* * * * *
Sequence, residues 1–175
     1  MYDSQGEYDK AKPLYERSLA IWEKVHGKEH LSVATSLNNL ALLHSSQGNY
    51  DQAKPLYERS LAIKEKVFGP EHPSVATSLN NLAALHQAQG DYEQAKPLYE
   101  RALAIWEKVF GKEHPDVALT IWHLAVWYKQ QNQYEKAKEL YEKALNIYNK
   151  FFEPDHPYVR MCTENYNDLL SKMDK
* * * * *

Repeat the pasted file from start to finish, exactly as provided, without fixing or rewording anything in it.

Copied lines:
Sequence, residues 1–175
     1  MYDSQGEYDK AKPLYERSLA IWEKVHGKEH LSVATSLNNL ALLHSSQGNY
    51  DQAKPLYERS LAIKEKVFGP EHPSVATSLN NLAALHQAQG DYEQAKPLYE
   101  RALAIWEKVF GKEHPDVALT IWHLAVWYKQ QNQYEKAKEL YEKALNIYNK
   151  FFEPDHPYVR MCTENYNDLL SKMDK